Skip to content

Cervical Cancer Health Center

Font Size

Gestational Trophoblastic Disease Treatment (PDQ®): Treatment - Health Professional Information [NCI] - Recurrent or Chemoresistant Gestational Trophoblastic Neoplasia Treatment

Recurrent disease indicates failure of prior chemotherapy unless initial therapy was surgery alone. One study found recurrence of disease in 2.5% of patients with nonmetastatic disease, 3.7% of patients with good-prognosis metastatic disease, and 13% of patients with poor-prognosis metastatic disease.[1] Nearly all recurrences occur within 3 years of remission (85% before 18 months). A patient whose disease progresses after primary surgical therapy is generally treated with single-agent chemotherapy unless one of the poor-prognosis factors that requires combination chemotherapy supervenes. Relapse after prior chemotherapy failure automatically places the patient into the high-risk category. These patients should be treated with aggressive chemotherapy.

Reports of combination chemotherapy come from small retrospective case series. Long-term disease-free survival, in excess of 50%, is achievable with combination drug regimens.[2][Level of evidence: 3iiiDii] A variety of regimens have been reported that include combinations of the following:[3,4,5,6,7]

Recommended Related to Cervical Cancer

General Information About Cervical Cancer

Cervical cancer is a disease in which malignant (cancer) cells form in the cervix. The cervix is the lower, narrow end of the uterus (the hollow, pear-shaped organ where a fetus grows). The cervix connects the uterus to the vagina (birth canal). Anatomy of the female reproductive system. The organs in the female reproductive system include the uterus, ovaries, fallopian tubes, cervix, and vagina. The uterus has a muscular outer layer called the myometrium and an inner lining called...

Read the General Information About Cervical Cancer article > >

A select group of patients with chemotherapy-resistant and clinically detectable gestational trophoblastic neoplasia may benefit from salvage surgery.[8][Level of evidence: 3iiiDii]

Current Clinical Trials

Check for U.S. clinical trials from NCI's list of cancer clinical trials that are now accepting patients with recurrent gestational trophoblastic tumor. The list of clinical trials can be further narrowed by location, drug, intervention, and other criteria.

General information about clinical trials is also available from the NCI Web site.


  1. Mutch DG, Soper JT, Babcock CJ, et al.: Recurrent gestational trophoblastic disease. Experience of the Southeastern Regional Trophoblastic Disease Center. Cancer 66 (5): 978-82, 1990.
  2. Newlands ES: The management of recurrent and drug-resistant gestational trophoblastic neoplasia (GTN). Best Pract Res Clin Obstet Gynaecol 17 (6): 905-23, 2003.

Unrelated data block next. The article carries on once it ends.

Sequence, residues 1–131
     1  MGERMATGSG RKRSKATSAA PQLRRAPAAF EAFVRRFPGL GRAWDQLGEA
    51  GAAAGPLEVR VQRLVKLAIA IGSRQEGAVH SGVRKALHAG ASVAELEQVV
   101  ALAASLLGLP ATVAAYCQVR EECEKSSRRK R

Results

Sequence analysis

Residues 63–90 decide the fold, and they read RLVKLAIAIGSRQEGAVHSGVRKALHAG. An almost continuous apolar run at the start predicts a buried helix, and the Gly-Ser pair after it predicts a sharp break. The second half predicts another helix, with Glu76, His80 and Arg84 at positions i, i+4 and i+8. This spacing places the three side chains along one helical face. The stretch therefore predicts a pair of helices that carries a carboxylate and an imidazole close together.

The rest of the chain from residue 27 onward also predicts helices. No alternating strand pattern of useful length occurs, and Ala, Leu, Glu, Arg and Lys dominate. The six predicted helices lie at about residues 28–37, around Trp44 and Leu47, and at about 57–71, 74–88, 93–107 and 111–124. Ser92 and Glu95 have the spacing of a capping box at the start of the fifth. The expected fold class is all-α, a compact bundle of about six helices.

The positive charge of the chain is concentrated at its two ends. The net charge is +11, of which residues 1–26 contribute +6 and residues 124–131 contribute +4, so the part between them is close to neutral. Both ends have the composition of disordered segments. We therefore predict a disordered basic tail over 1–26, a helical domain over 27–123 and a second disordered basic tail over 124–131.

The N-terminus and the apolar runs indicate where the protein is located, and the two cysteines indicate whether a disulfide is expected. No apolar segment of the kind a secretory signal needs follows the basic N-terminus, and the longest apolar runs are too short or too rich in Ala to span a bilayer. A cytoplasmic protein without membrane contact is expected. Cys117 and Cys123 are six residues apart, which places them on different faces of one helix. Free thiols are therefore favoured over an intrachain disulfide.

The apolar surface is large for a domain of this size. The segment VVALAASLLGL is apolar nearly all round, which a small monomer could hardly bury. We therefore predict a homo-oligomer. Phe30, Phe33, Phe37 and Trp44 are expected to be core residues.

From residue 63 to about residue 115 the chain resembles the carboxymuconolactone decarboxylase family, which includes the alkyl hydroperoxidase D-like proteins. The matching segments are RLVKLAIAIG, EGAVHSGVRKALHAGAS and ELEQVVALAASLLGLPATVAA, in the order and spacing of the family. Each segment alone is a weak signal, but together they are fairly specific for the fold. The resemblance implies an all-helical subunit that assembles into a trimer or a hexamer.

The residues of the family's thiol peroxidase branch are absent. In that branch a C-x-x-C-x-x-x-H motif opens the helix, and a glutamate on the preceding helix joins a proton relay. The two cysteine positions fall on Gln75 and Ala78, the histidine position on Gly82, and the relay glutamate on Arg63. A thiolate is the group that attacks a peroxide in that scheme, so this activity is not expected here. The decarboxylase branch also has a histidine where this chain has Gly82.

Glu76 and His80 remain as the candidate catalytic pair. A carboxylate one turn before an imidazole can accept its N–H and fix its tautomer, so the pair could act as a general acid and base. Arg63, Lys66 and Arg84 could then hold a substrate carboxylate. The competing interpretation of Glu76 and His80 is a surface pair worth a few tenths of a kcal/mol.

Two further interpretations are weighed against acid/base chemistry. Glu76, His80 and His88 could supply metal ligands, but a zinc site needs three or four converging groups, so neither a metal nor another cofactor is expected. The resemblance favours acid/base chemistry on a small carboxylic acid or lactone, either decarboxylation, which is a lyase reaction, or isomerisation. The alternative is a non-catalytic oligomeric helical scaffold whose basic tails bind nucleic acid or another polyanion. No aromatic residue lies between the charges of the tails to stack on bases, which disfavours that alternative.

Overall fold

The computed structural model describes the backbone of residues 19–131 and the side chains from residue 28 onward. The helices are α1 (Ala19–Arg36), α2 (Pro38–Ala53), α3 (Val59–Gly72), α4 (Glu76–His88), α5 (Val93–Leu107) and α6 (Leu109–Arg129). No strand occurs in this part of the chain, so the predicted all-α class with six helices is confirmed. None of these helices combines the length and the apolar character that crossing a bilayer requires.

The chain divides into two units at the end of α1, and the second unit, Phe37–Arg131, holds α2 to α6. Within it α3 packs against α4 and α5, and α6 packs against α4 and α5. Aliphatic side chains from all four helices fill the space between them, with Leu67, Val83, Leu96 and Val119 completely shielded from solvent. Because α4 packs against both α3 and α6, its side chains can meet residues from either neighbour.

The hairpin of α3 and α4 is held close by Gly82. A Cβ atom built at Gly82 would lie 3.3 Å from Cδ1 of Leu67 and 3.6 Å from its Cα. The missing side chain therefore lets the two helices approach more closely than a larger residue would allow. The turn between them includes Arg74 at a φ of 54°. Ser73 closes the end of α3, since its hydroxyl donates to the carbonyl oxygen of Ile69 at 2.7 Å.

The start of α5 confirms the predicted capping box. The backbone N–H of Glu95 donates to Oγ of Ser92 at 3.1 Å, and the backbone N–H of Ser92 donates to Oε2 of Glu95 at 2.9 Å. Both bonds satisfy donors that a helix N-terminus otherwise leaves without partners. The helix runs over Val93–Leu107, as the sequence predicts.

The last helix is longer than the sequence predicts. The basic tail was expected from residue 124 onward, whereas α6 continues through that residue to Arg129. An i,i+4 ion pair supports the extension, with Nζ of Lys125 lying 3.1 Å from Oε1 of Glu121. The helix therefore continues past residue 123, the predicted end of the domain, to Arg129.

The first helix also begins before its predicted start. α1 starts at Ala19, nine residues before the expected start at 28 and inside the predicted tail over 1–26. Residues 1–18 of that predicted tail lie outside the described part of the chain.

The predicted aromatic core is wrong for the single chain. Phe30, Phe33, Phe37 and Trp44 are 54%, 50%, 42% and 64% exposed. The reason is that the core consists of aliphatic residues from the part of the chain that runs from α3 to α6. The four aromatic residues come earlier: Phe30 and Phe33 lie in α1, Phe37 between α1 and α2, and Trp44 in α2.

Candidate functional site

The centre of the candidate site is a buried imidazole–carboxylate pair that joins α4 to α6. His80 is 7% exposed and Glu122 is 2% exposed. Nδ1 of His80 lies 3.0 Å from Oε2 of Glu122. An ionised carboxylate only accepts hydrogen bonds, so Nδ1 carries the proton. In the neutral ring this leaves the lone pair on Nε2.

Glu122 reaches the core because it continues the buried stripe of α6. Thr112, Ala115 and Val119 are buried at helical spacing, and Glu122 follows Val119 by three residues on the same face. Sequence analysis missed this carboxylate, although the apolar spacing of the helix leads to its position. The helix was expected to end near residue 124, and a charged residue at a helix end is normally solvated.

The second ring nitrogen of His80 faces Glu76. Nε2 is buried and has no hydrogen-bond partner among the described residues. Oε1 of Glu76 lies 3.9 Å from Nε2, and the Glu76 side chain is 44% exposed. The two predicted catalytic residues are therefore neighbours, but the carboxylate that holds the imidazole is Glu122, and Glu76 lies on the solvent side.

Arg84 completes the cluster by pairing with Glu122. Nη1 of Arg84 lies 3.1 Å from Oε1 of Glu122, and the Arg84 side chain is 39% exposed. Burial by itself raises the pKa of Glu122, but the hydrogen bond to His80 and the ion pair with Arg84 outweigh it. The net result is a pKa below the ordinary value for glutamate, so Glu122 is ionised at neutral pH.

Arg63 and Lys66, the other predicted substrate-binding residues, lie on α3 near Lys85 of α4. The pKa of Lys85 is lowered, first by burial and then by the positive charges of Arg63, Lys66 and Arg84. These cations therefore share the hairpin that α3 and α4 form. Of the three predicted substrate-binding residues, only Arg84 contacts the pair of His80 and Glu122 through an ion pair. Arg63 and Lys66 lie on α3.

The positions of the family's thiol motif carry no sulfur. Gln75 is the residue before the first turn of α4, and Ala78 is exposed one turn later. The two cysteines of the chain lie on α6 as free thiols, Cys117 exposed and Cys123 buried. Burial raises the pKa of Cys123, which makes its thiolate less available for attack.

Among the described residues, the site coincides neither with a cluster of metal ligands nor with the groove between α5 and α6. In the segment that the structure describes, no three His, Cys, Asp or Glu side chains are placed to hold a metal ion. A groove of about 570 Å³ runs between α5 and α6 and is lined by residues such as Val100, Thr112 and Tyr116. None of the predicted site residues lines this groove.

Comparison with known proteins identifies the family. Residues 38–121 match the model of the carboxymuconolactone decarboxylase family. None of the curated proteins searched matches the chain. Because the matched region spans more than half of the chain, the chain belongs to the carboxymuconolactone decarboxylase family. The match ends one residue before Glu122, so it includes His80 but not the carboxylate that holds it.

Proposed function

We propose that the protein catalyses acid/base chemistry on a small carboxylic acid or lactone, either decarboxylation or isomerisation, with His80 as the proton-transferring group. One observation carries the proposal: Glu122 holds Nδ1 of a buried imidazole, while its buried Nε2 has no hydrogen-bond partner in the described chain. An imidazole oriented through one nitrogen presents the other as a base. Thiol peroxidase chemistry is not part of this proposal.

3. Matsui H, Iitsuka Y, Suzuka K, et al.: Salvage chemotherapy for high-risk gestational trophoblastic tumor. J Reprod Med 49 (6): 438-42, 2004.
  4. Xiang Y, Sun Z, Wan X, et al.: EMA/EP chemotherapy for chemorefractory gestational trophoblastic tumor. J Reprod Med 49 (6): 443-6, 2004.
  5. Lurain JR, Nejad B: Secondary chemotherapy for high-risk gestational trophoblastic neoplasia. Gynecol Oncol 97 (2): 618-23, 2005.
  6. Wan X, Xiang Y, Yang X, et al.: Efficacy of the FAEV regimen in the treatment of high-risk, drug-resistant gestational trophoblastic tumor. J Reprod Med 52 (10): 941-4, 2007.
  7. Wang J, Short D, Sebire NJ, et al.: Salvage chemotherapy of relapsed or high-risk gestational trophoblastic neoplasia (GTN) with paclitaxel/cisplatin alternating with paclitaxel/etoposide (TP/TE). Ann Oncol 19 (9): 1578-83, 2008.
  8. Lehman E, Gershenson DM, Burke TW, et al.: Salvage surgery for chemorefractory gestational trophoblastic disease. J Clin Oncol 12 (12): 2737-42, 1994.

    This information is produced and provided by the National Cancer Institute (NCI). The information in this topic may have changed since it was written. For the most current information, contact the National Cancer Institute via the Internet web site at http:// cancer .gov or call 1-800-4-CANCER.

    WebMD Public Information from the National Cancer Institute

    Last Updated: September 04, 2014
    This information is not intended to replace the advice of a doctor. Healthwise disclaims any liability for the decisions you make based on this information.
    Next Article:

    Today on WebMD

    cancer cell
    HPV is the top cause. Find out more.
    doctor and patient
    Get to know the Symptoms.
    sauteed cherry tomatoes
    Fight cancer one plate at a time.
    Lung cancer xray
    See it in pictures, plus read the facts.
    Integrative Medicine Cancer Quiz
    Lifestyle Tips for Depression Slideshow
    Screening Tests for Women
    what is your cancer risk